Not only did Monday serve as a time to reset, this time shared with someone who has and continues to face many of the struggles I do, trying to balance passion with livelihood, helped me mentally merge back into a motivated mindset.
This week has and continues to look entirely different than last. Sure, all the burners on my stove are on and each have something different cooking on them, but none are at risk of boiling over. There are still deadlines, but there always will be. The trick is how I (you or we) react to them, and work with them, instead of against.
Numerous times last week I wanted to stop and freeze, or just quit, but I didn’t. Instead, I let myself accept momentary feelings of defeat, and then, I kept going at my own pace. In the end, not only did it pay off in the form of bringing projects to completion and even feeling good about them, it reminded me just how many parts of our lives we stray away from letting others in close enough to see. At the core, we’re all human, meaning we all can find ourselves struggling with feeling incapable and uninspired sometimes.
Whether we swim through these feelings or sink under their weight all comes down to how much heart we are willing to give, and how much humility we are willing to harvest.
No matter what deadlines or challenges you have staring you in the face this week, I encourage you to face up to them and own them, rather than letting them own you. And if you find yourself fretting your mood, take a timeout and eat good food. Nourishment is always and forever a vital part of the equation.
Just Eat Good Food
Did someone say good food? Yes they did. And it was me. My reflections on last week wouldn’t be complete without mentioning the home-cooked meals that carried me through.
“If you’re fretting your mood, just eat good food,” quickly became our mantra, as Andrew and I alternated cooking. Here are a couple of last week’s standouts.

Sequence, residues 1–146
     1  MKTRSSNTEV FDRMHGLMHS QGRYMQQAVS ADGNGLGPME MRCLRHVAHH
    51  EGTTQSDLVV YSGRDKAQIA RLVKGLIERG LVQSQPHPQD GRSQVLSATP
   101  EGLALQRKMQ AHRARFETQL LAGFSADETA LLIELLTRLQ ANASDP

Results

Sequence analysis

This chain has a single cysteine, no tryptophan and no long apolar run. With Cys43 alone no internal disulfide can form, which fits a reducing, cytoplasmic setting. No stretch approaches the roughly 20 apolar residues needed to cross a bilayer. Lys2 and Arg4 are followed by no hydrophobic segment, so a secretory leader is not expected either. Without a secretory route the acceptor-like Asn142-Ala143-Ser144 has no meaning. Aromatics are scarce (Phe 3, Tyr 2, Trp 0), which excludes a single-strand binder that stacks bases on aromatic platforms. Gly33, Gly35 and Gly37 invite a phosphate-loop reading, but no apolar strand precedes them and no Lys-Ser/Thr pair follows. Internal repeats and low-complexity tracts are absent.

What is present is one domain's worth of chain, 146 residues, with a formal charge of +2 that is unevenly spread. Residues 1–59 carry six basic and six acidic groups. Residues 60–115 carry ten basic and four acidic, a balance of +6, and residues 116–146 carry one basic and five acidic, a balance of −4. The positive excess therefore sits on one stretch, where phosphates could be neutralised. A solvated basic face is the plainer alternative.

TOFU NOODLE BOWL
Photo Note: Yes, that is the carpet pictured. Andrew was tired from teaching. I was tired from writing. Sitting on the living room floor, stretching our legs out, and having a picnic seemed like the most amazing thing ever at this exact moment in time.
Process: I threw some mushrooms, sliced onion, chickpeas, and chopped bell pepper into a pan on the stovetop and heated for 5-10 minutes in a bit of light water and oil, sprinkling in salt, pepper and garlic powder to taste. Meanwhile, I boiled a bag of tofu noodles in a pot for three minutes, and immediately drained. I then mixed the tofu noodles into my pan of veggies. The dish was paired with arugula, covered with peanut sauce, and dressed up with fresh local strawberries and a few peperoncinis.
Ingredients that I always include in peanut sauce are peanut butter, water, and Bragg’s Liquid Aminos (or soy sauce), garlic powder, and Sriracha. Optional is lime juice, rice vinegar or a splash of anything l feel like being creative with. If you’re a fan of peanutty-dishes, check out my Thai-Infused Peanut Surprise, featuring ample peanut sauce.
SWEET POTATO HASH HEAVEN
Photo Note: I have to point out these ceramic bowls my stepmom made us for Christmas. Knowing how much we love to eat our meals out of bowls, I couldn’t think of a better hand-made gift. Expect to see these pictured frequently. Not only are they functional—shallow enough so food doesn’t get lost at the bottom, but deep enough nothing rolls out—they’re attractive, and made with love.
Process: Using local sweet potatoes, red potatoes, cabbage and Brussels sprouts from the produce stand, Andrew made us this delightful dish Saturday afternoon following my 12-mile run. The sweet and red potatoes, and sliced cabbage were chopped, and then cooked on the stovetop in water and olive oil, and seasoned with cinnamon, oregano, Sriracha, salt, pepper and nutritional yeast. The Brussels sprouts were sliced and grilled in a separate pan. The arugula and fresh avocado gave the dish even more green power. All together this dish took Andrew about 20-25 minutes to make, while I was showering and cooling down after my run.